Sound packing DNA: Packing open circular DNA with low-intensity ultrasound

Donghee Park, Bong Kwang Jung, Hyunjin Park, Hyungbeen Lee, Gyudo Lee, Jingam Park, Unchul Shin, Jong Ho Won, Yong Jun Jo, Jin Woo Chang, Sangwoo Lee, Daesung Yoon, Jongbum Seo, Chul Woo Kim

Research output: Contribution to journalArticlepeer-review

3 Citations (Scopus)


Supercoiling DNA (folding DNA into a more compact molecule) from open circular forms requires significant bending energy. The double helix is coiled into a higher order helix form; thus it occupies a smaller footprint. Compact packing of DNA is essential to improve the efficiency of gene delivery, which has broad implications in biology and pharmaceutical research. Here we show that low-intensity pulsed ultrasound can pack open circular DNA into supercoil form. Plasmid DNA subjected to 5.4 mW/cm 2 intensity ultrasound showed significant (p-values <0.001) supercoiling compared to DNA without exposure to ultrasound. Radiation force induced from ultrasound and dragging force from the fluid are believed to be the main factors that cause supercoiling. This study provides the first evidence to show that low-intensity ultrasound can directly alter DNA topology. We anticipate our results to be a starting point for improved non-viral gene delivery.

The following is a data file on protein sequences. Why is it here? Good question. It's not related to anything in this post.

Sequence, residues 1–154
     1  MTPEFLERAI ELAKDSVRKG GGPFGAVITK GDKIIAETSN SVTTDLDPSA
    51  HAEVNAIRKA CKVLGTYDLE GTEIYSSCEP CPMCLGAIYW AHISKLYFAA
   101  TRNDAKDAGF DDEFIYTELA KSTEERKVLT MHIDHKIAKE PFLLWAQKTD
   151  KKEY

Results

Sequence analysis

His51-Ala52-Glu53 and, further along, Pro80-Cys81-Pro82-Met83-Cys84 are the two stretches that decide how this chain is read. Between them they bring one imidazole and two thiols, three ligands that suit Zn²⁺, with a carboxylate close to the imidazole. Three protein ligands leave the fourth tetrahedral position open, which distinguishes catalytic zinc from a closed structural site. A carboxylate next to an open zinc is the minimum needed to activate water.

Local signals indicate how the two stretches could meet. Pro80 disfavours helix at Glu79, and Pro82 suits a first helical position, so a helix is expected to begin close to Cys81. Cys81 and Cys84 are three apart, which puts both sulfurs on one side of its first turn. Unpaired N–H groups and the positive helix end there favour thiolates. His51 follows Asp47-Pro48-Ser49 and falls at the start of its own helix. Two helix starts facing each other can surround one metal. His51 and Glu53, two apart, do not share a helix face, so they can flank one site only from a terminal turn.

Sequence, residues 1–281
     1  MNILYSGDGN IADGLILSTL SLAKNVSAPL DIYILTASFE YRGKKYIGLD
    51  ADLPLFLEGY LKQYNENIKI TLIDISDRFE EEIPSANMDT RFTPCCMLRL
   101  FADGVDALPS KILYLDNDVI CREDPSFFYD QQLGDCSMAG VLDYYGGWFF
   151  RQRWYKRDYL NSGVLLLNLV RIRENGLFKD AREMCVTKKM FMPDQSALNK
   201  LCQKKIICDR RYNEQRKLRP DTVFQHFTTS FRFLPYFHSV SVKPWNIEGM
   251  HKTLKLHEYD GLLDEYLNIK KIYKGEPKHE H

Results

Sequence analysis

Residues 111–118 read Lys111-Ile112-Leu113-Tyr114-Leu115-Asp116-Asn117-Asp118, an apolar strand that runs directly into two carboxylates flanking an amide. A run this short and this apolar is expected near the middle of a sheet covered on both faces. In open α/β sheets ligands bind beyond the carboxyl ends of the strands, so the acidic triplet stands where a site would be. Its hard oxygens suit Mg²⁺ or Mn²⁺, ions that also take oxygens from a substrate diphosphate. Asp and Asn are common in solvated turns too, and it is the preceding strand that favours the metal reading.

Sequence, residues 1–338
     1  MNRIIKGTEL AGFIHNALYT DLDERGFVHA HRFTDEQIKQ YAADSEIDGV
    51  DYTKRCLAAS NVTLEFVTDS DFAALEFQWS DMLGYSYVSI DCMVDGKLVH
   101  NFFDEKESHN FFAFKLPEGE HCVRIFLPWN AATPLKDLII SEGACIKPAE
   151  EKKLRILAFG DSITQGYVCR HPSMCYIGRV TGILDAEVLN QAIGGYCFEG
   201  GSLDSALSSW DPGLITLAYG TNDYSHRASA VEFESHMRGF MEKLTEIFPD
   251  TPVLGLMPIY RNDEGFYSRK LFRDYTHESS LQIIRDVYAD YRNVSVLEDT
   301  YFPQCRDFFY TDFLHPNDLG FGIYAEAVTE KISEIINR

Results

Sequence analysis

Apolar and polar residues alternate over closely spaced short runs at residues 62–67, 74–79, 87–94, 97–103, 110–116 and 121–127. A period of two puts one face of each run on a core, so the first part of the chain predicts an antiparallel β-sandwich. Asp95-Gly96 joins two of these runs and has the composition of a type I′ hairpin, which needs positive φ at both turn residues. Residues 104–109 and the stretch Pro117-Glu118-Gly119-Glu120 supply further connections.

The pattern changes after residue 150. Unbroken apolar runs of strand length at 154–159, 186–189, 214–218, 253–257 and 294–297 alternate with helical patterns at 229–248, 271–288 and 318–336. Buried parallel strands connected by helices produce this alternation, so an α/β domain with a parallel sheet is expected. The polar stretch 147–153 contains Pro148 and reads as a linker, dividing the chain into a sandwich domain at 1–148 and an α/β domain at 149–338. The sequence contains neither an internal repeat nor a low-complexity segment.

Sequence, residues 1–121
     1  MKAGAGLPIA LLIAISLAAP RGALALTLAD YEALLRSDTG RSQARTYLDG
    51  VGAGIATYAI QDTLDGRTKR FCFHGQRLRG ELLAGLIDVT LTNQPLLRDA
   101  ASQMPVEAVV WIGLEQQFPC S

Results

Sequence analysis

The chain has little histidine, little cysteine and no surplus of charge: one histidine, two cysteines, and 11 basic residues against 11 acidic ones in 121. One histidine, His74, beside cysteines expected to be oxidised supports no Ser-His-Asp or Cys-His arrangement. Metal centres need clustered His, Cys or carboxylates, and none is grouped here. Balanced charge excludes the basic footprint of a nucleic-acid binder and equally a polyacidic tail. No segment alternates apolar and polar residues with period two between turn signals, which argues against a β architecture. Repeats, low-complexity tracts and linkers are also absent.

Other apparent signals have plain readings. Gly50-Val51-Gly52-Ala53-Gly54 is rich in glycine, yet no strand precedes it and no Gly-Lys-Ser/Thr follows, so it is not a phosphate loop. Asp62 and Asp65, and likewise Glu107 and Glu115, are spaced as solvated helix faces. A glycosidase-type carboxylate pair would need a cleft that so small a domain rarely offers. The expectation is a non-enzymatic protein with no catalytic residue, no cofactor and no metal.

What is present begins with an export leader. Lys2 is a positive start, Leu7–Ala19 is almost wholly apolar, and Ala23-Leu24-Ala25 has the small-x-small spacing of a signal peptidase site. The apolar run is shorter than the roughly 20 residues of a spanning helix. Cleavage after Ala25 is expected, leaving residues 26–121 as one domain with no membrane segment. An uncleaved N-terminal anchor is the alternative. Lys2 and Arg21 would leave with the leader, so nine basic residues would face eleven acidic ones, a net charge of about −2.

Original languageEnglish
Article number9846
JournalScientific reports
Publication statusPublished - 2015 Apr 20

All Science Journal Classification (ASJC) codes

  • General


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